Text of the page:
A series of case studies were done and they revealed that the onset of symptoms in most cases occurs between the ages of 18 and 24 months, although this disease has also been known to strike both younger and older hedgehogs.
Hedgehogs with WHS will often experience weight loss, due in part to their inability to get to their food dishes (much can be done to help this), and in the advanced stages of this disease, they become completely immobilized. In the cases that were studied, death occurred between 6 weeks and 19 months after the onset of symptoms. The problem generally appears as a progressive paralysis, usually starting at the tail end of the spine and working its way toward the nose.
The rate of progression can vary greatly, sometimes taking only weeks, other times spanning a year or longer. It usually appears in adults over a year old, but it can occur in even very young hedgehogs. The cause of this problem is very likely genetic, probably in some ways due to the very small and shrinking gene pool from which our little friends are bred from.
This problem can be very hard to diagnose, and generally will only be known with any certainty after a detailed necropsy. Other, possibly more common causes of wobbling or paralysis can stem from strokes, injuries, or tumors. In the case of injuries, treatment (assuming you or your vet can determine that an injury occurred) will depend on just what kind of injury it was.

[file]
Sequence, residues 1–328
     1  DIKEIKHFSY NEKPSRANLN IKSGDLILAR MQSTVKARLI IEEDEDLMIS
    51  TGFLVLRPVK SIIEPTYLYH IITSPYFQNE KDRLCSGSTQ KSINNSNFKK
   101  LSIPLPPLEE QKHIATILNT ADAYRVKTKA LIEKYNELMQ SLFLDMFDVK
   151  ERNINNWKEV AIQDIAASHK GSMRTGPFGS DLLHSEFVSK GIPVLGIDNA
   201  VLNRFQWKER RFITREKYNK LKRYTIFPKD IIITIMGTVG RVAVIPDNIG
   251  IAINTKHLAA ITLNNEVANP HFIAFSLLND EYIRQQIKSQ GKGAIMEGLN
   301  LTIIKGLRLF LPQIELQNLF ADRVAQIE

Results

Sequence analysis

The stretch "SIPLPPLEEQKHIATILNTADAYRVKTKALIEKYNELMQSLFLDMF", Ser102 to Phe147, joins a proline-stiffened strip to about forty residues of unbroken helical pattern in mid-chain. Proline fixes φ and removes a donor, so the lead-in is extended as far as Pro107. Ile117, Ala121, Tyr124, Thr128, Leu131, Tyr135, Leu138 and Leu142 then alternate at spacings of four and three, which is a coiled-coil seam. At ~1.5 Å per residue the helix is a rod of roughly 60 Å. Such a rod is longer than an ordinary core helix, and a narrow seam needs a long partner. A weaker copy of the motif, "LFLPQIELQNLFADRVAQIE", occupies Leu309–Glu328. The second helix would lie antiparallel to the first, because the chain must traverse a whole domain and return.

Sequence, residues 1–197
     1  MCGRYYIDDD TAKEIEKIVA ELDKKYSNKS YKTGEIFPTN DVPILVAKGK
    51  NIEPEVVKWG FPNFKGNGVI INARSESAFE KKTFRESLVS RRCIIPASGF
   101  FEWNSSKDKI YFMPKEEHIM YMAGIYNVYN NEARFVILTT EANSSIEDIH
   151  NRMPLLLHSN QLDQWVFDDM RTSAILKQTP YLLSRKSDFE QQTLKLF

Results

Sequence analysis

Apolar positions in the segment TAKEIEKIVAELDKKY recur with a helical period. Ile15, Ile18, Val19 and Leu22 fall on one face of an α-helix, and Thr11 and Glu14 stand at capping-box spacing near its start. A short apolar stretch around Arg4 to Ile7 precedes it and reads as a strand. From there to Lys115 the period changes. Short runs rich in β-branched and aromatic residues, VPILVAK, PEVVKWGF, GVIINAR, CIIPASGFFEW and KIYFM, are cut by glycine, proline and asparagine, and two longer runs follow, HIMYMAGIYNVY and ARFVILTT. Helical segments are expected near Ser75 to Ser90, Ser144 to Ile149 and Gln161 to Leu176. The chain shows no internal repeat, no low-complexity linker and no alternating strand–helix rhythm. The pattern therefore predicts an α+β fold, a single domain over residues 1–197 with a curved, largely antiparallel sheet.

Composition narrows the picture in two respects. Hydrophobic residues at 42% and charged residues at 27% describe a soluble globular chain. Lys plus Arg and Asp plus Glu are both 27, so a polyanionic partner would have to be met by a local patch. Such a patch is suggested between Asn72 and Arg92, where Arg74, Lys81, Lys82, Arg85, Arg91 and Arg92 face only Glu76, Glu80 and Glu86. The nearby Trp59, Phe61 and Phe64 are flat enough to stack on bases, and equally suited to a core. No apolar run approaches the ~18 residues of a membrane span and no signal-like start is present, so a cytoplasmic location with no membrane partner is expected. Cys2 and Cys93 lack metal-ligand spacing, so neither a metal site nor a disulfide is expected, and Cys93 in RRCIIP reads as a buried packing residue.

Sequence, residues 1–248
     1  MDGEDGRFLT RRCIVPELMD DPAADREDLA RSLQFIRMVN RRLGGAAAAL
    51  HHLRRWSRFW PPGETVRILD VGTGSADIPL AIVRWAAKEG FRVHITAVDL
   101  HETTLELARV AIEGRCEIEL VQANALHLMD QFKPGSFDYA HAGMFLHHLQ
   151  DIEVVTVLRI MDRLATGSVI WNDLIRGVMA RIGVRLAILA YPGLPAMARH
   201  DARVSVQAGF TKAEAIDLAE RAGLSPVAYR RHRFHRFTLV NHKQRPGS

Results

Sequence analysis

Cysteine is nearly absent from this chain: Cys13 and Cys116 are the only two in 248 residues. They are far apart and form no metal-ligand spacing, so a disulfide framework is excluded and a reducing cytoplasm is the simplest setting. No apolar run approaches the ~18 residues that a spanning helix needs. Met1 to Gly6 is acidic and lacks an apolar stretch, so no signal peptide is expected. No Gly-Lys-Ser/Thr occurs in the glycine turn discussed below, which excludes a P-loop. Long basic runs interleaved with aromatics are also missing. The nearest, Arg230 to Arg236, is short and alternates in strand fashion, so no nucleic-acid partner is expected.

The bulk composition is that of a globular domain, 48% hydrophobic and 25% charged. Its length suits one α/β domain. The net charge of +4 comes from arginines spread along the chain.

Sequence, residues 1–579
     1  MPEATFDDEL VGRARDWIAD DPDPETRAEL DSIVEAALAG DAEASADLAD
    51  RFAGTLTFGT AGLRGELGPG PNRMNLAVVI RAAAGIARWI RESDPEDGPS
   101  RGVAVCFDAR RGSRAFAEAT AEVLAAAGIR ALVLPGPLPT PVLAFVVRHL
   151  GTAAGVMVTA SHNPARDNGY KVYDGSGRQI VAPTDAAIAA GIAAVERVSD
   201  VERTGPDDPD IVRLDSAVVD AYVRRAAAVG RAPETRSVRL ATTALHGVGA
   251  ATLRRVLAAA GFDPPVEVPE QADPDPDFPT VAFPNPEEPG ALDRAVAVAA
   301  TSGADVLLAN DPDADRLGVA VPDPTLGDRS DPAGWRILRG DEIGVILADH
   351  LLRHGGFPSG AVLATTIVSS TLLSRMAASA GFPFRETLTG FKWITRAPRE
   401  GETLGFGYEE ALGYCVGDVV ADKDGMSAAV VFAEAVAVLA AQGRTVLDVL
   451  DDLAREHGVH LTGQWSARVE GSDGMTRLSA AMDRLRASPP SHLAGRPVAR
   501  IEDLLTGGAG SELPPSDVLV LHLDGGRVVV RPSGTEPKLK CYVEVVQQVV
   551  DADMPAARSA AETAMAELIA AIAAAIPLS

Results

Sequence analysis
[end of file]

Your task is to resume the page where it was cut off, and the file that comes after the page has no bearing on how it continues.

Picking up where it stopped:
For strokes, which do happen to hedgehogs, there will often be an improvement over time. For tumors, surgery or steroids may help. One other factor that may be responsible for some types of wobbly hedgehogs, especially in cases where multiple unrelated hedgehogs are affected, is from some sort of dietary deficiency. Exactly what is lacking, or in excess, is not known.
This particular form of wobbly hedgehog syndrome seems to only affect hedgehogs that are raised on cat food, and generally not supplemented with vitamins, as opposed to one of the better foods now on the market.
Hedgehogs that have had supplements, or which eat a good, balanced hedgehog food do not appear to show any signs of this problem. As yet, there is no scientific answer as to why, but a change in diet might be worth trying.
Unfortunately, a large percentage of the captive African hedgehog population is prone to developing cancer as they age. Cancer has been reported to affect almost every organ in the body. Signs of disease vary depending on the area affected.
The treatment is based on the organ(s) affected and may even include chemotherapy. It is unknown at this time why African hedgehogs have such a high cancer rate, but perhaps over time, the answer will reveal itself as more is learned about this pet.
Getting Into Trouble
When it comes to protecting hedgehogs, there is usually little danger to them in the garden, or any other truly natural habitat, from other animals or objects. However, there are dangers lurking in many gardens and yards such as pesticides. Hedgehogs are resistant to animal poisons, not man-made pesticides.
Hedgehogs do not destroy gardens, they do not dig, they only manure it. They, in fact, keep your garden free of pests and bugs. One of the worst things by way of pesticides is slug bait. This builds up in slugs, which are one of the hedgehogs' favorite foods, and therefore it builds up in the hedgehog. If possible, avoid the slug bait and let the hedgehogs do the slug removal, or if you must use it, make sure you keep hedgehogs out of your garden.